Guide for Parents of Deaf Children
This guide aims to help parents with deaf children get acquainted with the approaches and devices to use to manage the deafness of children.
How can you communicate with a deaf child?
Parents of a deaf child can use various communication options to develop oral language abilities. You can use the following educational and communication approaches, recommended by specialists (Bergeron et al., 2019):
|Auditory‐verbal therapy||The exclusive usage of auditory skills only to enhance the language abilities of a deaf child. Visual cues are prohibited for parents.|
|Aural–oral||Language ability is developed from a child’s hearing capacities. The facilitation of natural cues, such as lipreading, gesture, and facial expressions is allowed.|
|Total communication||Oral language is triggered with the combination of many cues simultaneously: auricular therapy, natural cues, lip-reading speech, and formal signs of American Signed English (ASL).|
|Bilingual-bicultural||The usage of both sign and oral languages (bilingual) and the |
integration in deaf and hearing cultures (bicultural) to be applied.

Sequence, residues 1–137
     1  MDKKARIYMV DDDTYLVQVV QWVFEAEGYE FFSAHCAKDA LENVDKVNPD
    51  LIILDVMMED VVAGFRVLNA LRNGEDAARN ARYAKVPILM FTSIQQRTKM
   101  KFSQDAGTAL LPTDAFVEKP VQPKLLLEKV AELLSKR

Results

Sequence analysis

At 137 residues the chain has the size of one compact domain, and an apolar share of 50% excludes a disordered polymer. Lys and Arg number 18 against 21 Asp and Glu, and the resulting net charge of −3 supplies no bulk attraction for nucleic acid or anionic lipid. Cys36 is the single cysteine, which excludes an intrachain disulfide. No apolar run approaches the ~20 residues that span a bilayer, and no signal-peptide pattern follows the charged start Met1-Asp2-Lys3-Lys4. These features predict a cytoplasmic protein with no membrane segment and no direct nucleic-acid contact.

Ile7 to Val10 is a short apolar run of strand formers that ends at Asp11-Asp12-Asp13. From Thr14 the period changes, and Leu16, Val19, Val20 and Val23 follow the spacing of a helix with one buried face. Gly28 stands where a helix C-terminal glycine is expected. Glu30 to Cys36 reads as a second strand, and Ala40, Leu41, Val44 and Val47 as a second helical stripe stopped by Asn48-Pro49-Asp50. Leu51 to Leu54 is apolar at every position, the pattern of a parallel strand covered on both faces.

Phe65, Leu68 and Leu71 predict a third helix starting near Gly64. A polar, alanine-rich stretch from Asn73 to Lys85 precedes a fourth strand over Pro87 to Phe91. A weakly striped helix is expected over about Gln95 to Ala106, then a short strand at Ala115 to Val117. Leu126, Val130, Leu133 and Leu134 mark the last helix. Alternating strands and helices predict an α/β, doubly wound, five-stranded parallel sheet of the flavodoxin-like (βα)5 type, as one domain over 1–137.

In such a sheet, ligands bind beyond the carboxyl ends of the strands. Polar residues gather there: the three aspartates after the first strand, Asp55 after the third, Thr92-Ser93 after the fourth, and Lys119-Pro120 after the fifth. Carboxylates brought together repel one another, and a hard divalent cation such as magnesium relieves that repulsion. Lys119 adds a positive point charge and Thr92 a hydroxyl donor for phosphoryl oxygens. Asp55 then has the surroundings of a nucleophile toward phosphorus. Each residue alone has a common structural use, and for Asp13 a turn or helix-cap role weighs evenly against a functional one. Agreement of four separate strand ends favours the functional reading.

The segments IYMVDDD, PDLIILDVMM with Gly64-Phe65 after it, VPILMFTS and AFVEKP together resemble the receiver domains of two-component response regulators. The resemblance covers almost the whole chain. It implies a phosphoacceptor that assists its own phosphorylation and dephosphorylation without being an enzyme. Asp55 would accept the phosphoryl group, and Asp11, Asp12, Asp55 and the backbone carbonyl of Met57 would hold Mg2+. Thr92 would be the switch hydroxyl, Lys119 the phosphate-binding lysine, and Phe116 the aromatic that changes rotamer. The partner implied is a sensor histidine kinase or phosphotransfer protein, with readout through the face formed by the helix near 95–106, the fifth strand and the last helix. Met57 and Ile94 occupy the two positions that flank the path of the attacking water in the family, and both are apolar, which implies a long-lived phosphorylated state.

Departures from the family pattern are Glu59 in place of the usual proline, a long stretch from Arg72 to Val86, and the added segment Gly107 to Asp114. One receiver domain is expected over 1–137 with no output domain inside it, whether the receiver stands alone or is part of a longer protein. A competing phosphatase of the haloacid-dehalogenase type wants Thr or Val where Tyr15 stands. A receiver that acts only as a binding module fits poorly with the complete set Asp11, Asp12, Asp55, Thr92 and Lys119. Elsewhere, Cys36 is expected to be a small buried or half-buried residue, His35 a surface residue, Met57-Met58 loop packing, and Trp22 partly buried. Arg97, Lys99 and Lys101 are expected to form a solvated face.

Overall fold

|Sign language||This option suggests the use of sign language (ASL) for communication.|
What assistive listening devices can you use?
Assistive listening devices are used with a hearing aid or cochlear implant to help a child hear sounds better. Among them are (National Institute on Deafness and Other Communication Disorders, 2011):
- Hearing loop systems amplify the sound and create an electromagnetic field that is picked up by a receiver
- FM systems facilitate radio signals to transfer amplified sounds.
- Infrared systems convert sound into a light signal to transmit it to a listener.
- Personal amplifiers enhance sound levels and decrease background noise for a listener.
What factors affect the selection of an educational approach?
- Age of Identiﬁcation and Intervention (Saki et al., 2018)
- Family involvement
- Use of Hearing Aids/Cochlear Implant
- Speech intelligibility
- Presence of additional disabilities
Depending on different variables, medical professionals with parents should choose the most effective approach that would ensure a deaf child can successfully develop language ability.
For more information, please check the following websites:
- National Institute on Deafness and Other Communication Disorders.
- Academy of Doctors of Audiology (ADA).
- Academy of Rehabilitative Audiology (ARA).
- ADARA: Professional Networking for Excellence in Service Delivery with Individuals Who Are Deaf or Hard of Hearing.
Bergeron, François et al. “Contemporary Speech and Oral Language Care for Deaf and Hard-of-Hearing Children Using Hearing Devices.” Journal of clinical medicine vol. 9,2 378. 2020, Web.
National Institute on Deafness and Other Communication Disorders. “NIDCD Fact Sheet: Assistive Devices for People with Hearing, Voice, Speech, or Language Disorders.” NIH Publication No. 11-7672, 2011, Web.
Saki, Nader et al. “Factors Affecting Age of Diagnosis and Rehabilitation Intervention in Children Receiving Cochlear Implant.” Int Tinnitus J. vol. 22,2, 123-127. 2018, Web.